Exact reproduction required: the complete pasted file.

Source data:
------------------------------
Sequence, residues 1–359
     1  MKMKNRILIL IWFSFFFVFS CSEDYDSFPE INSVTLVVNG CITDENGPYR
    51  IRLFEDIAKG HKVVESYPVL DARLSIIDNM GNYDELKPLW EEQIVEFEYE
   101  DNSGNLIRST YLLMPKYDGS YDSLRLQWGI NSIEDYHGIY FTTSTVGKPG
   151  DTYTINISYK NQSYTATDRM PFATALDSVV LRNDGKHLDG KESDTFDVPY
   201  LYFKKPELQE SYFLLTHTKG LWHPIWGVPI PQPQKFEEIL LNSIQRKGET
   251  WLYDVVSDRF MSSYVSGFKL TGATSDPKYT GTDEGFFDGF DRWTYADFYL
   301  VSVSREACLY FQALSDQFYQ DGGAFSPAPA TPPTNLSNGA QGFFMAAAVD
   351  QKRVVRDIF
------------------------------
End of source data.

Sequence, residues 1–359
     1  MKMKNRILIL IWFSFFFVFS CSEDYDSFPE INSVTLVVNG CITDENGPYR
    51  IRLFEDIAKG HKVVESYPVL DARLSIIDNM GNYDELKPLW EEQIVEFEYE
   101  DNSGNLIRST YLLMPKYDGS YDSLRLQWGI NSIEDYHGIY FTTSTVGKPG
   151  DTYTINISYK NQSYTATDRM PFATALDSVV LRNDGKHLDG KESDTFDVPY
   201  LYFKKPELQE SYFLLTHTKG LWHPIWGVPI PQPQKFEEIL LNSIQRKGET
   251  WLYDVVSDRF MSSYVSGFKL TGATSDPKYT GTDEGFFDGF DRWTYADFYL
   301  VSVSREACLY FQALSDQFYQ DGGAFSPAPA TPPTNLSNGA QGFFMAAAVD
   351  QKRVVRDIF